Yesterday I wrote a write up of eRubyCon 2008 Day 1.
– Charles Nutter started up with JRuby. I’m always impressed by people that are able to make their weekend project their full time job. I was further impressed that Charles was up with the rest of the speakers until closer to 4am than any of us should really admit, drinking really good scotch and solving the world’s problems.
Charles talked about the JVM and Java as both a problem and a great asset. There are a lot of people that look at the J in JRuby and automatically associate it with all of the things that they don’t like about Java. Charles answer is to separate the JVM from the Java language. He did a really good job of talking about the things that the JVM brings over the standard Ruby runtimes such as world class garbage collection, memory compaction, thread handling and the like. He did a number of really compelling demos around threading in particular. One of the things that he said here is that JRuby and IronRuby are really the only Ruby implementations that are able to do native threads because they are the only ones that are built on production quality VMs that handle that native threading for them.
One of the great quotes was “We write a lot of Java. So you don’t have to…” – Charles Nutter
After setting the stage, he pulled up a long list of features and said – “There’s way too much for me to cover in the time left – what do you want to see?”. that was fun. The first suggestion that he showed was 2D graphics that flashed a bunch of little balls around the screen. It was even responsive to voice commands. The second suggestion was to show Rails running on JRuby. He showed that they are running Rails on Ruby 1.8.6 (java). Next he brought up image_voodoo to do more 2D libraries. Lastly, he showed “java_inline” which allows you to inline Java code similar to the Ruby_inline which allows you to inline C right in your Ruby code.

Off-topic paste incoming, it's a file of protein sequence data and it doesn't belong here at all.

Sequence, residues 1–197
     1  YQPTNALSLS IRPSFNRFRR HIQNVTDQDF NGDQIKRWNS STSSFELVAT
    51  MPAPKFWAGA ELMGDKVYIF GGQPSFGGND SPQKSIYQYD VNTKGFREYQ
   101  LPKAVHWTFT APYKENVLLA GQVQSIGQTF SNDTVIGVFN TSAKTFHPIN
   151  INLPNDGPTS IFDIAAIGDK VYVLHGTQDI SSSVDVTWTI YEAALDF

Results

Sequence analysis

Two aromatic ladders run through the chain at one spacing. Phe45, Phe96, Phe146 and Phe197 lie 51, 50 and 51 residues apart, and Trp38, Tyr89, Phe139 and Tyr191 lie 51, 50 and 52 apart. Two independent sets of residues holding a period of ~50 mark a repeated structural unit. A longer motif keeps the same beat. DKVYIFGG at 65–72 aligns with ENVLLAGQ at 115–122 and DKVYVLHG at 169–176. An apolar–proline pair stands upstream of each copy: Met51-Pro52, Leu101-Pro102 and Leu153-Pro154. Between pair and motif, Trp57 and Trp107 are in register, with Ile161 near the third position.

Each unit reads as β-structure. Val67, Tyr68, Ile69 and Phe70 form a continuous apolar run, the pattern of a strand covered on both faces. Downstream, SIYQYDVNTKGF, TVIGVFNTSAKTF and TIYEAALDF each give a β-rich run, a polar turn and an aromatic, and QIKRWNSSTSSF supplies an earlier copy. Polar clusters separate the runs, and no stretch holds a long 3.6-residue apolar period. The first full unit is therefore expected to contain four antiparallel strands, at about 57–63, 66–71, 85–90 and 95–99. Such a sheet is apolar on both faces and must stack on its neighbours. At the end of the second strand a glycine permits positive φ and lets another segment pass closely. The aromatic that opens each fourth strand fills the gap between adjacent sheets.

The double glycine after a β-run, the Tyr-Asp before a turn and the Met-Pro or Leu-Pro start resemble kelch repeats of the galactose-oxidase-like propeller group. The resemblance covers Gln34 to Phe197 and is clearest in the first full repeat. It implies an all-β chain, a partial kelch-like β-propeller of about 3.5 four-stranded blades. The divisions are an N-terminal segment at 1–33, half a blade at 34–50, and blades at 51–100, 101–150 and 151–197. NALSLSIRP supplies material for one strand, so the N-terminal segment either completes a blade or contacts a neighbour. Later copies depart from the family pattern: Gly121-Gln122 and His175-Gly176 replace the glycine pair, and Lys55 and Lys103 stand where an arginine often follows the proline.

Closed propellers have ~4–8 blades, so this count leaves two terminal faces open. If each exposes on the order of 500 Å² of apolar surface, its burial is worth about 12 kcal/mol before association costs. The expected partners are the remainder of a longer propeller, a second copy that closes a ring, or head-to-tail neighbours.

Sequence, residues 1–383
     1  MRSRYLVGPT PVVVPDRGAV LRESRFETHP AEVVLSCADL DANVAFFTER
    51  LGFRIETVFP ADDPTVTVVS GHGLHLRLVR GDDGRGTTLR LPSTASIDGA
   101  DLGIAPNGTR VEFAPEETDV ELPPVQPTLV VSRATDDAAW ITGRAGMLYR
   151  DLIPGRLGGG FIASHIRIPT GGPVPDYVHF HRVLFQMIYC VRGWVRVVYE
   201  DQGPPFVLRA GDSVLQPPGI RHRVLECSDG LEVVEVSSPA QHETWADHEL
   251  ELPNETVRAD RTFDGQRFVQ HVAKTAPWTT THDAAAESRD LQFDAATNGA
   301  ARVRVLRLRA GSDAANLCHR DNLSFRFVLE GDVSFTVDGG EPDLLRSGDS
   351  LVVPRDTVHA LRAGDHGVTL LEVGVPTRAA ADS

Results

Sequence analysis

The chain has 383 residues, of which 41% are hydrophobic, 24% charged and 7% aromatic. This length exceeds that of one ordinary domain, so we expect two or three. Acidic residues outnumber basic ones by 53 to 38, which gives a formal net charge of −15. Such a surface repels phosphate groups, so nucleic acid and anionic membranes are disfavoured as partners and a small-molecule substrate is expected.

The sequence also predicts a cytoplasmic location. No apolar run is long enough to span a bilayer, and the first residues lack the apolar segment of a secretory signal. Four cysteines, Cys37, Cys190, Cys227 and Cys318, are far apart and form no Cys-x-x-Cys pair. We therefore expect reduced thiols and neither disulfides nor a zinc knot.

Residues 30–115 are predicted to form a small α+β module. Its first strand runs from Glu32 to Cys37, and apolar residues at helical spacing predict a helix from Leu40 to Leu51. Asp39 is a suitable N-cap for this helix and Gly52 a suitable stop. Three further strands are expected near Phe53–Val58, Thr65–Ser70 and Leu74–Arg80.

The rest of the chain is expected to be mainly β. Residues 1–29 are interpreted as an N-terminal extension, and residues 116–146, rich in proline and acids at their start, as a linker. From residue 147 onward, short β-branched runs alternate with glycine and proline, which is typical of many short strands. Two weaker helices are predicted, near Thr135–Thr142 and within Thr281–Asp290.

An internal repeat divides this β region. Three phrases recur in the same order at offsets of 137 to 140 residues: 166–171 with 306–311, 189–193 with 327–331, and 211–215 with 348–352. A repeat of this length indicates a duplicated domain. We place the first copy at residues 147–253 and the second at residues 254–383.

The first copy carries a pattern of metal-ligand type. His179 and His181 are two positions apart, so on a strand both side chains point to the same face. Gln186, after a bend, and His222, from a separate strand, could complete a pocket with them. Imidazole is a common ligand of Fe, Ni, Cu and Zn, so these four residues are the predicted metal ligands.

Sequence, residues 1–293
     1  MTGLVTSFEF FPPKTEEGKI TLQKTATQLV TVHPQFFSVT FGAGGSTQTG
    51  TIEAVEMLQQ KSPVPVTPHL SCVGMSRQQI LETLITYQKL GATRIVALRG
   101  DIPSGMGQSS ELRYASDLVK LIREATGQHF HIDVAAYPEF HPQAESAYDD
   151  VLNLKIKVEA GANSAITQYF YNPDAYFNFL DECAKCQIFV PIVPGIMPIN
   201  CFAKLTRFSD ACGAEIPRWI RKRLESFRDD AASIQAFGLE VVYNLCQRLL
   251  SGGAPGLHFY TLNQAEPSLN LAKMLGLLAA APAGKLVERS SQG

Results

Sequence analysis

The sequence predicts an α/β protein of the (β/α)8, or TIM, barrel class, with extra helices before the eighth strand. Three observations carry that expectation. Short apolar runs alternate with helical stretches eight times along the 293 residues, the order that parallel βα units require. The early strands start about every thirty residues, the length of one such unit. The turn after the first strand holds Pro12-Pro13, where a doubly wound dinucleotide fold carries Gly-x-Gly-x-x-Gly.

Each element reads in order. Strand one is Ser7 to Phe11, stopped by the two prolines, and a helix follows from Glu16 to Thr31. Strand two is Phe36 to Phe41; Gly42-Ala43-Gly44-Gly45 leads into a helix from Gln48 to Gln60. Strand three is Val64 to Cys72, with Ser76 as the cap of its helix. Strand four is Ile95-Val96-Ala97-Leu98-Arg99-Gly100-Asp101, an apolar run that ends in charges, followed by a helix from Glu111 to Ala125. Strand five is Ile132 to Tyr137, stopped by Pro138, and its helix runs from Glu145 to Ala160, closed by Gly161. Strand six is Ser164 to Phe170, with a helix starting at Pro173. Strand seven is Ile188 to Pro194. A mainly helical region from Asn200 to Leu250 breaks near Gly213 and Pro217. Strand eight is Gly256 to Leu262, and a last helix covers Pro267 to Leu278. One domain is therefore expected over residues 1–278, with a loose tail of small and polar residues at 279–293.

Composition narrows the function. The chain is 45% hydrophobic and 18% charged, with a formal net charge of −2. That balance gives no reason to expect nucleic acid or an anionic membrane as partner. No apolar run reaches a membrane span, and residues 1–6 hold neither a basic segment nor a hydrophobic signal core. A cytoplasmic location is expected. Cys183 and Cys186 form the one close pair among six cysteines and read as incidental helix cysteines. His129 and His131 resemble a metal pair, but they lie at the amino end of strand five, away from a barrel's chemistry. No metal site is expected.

– Evan Light came up next. Unfortunately I was putting out a few small fires. Fortunately Michael Lettere wrote up a small write up so that I could include it here.
Evan Light hates EJBs.
EJB encourages difficult to test idioms, private fields, private static final fields.
Nice demo code “public class DeepThought” <— How do you test that?
You COULD shoot the guy who wrote it, but don’t do that.
Very good use of humor, engaged the audience.
– The lunch keynote was Neal Ford. Neil Ford is an amazing speaker. What’s cool about him is that every time I see him speaker, I wonder how he could get any better. And then he does. Today’s talk was about complexity. One of the core concepts that he talked about is the idea of Language Lockdown. It’s when language writers put in features to protect people from themselves and cut down on the stupid things that you can do. The idea is that if you do that the lower end (read cheaper) developers will still be productive. “What they are trying to do is strap a rocket to the ass of a turtle. What they are actually doing is putting chains on the rabbits than can go fast.”
The problem with that take though is two fold. First, it is not a linear line between the top developers and the lower end developers. What that means is that on the curve, a highly productive programmer will get done in one day what it will take an average developer more than a week to do and the weak developer a month or more. To point out the second issue, Neal quoted one of my other favorite speaker – “Bad developers will move heaven and earth to do the wrong thing” – Glenn Vanderburgh
One of the huge questions that he put out there is “How much of your enterprise software simple services accidental complexity?”. It’s a great question.
As he was wrapping up, he left us with the thought that “Courage is contagious. Cowardice is infectious”.